Cage Free

These eggs do not come from “factory birds” where the chickens are kept in cages their whole lives and never see sunlight or go outdoors. In the summer, these chickens are pastured on lush Wisconsin grass where they are free to roam around and eat other things besides their Cocofeed, such as bugs, worms, etc. They do need to be kept indoors during the cold winter months, but they are cage free even then, and eat a balanced diet with our specially formulated nutritious Cocofeed.

Soy-free eggs delivered to your door!

Tropical Traditions has developed a special box for delivering eggs to you! This box is designed to hold four dozen eggs:

soy free organic eggs shipping box Soy free Chicken Feed Developed with Coconut Pulp for Soy free Eggs

The box and dividers are 100% recyclable, and no plastic, Styrofoam, or bubble wrap is used. These boxes have been tested, and the eggs do not break! But even if they do, Tropical Traditions will refund or replace any broken eggs.

soy free organic eggs egg carton Soy free Chicken Feed Developed with Coconut Pulp for Soy free Eggs


soy free organic eggs egg carton2 Soy free Chicken Feed Developed with Coconut Pulp for Soy free Eggs

Tropical Traditions uses their own coconut water vinegar to clean the eggs, and then apply a coating of organic Virgin Coconut Oil to the shell to keep them fresh until they are delivered.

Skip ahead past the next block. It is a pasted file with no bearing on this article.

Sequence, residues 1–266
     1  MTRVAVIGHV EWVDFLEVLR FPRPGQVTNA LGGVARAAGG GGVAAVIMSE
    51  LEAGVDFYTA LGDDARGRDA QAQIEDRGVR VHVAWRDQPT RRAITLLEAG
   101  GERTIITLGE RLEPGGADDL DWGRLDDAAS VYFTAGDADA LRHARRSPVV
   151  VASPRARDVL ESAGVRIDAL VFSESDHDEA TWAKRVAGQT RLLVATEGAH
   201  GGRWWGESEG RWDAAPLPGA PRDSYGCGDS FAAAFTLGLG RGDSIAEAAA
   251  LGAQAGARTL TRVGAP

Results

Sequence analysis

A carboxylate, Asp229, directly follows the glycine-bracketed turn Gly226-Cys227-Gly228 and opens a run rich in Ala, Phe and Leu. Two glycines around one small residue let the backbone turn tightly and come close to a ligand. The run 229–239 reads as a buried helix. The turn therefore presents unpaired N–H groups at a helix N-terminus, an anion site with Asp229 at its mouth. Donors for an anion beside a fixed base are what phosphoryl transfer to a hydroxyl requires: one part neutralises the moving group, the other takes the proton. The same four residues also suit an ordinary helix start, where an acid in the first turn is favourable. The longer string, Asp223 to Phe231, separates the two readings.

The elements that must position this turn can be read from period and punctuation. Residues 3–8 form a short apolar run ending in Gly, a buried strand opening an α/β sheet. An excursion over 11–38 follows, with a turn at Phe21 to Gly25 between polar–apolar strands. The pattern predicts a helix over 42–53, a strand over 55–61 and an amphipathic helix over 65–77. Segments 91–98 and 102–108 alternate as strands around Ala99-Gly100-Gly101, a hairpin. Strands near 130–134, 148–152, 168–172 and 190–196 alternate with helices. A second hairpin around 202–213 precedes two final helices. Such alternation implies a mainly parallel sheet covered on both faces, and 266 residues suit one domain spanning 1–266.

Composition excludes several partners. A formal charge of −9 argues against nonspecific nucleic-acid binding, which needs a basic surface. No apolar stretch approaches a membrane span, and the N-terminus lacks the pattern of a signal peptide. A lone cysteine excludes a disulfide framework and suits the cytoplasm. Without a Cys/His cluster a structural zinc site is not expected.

More information and order: http://www.grassfedtraditions.com/organic_soy_free_eggs.htm

*Research:

Professor M. Monica Giusti of The Ohio State University has done research on soy isoflavones appearing in commercial egg yolks. In 2009 one of her graduate students conducted some research on soy protein in egg yolks for a thesis, and Tropical Traditions supplied some of their Cocofeed for the study. Their research found: “Egg yolks of hens provided with the soy free diet, showed a rapid decrease of isoflavone concentration. From an initial isoflavone content of 52μg ± 0.73/100g it quickly diminished until at day 7, the concentration reached individual aglycone undetectable levels.”

The chickens that were fed our Cocofeed were laying hens, and had been raised on a traditional soy-based chicken feed. Their results showed that laying hens that are fed our Cocofeed, even when raised on soy-based diet, quickly lose soy protein in egg yolks once they start eating our soy-free Cocofeed. After 7 days there were “undetectable levels” of soy protein in the egg yolks. The research is here. Please note: This research is pro-soy. The researchers believe that soy is a health food, and their studies on soy protein appearing in egg yolks was seen as a way to get more soy protein into people’s diets.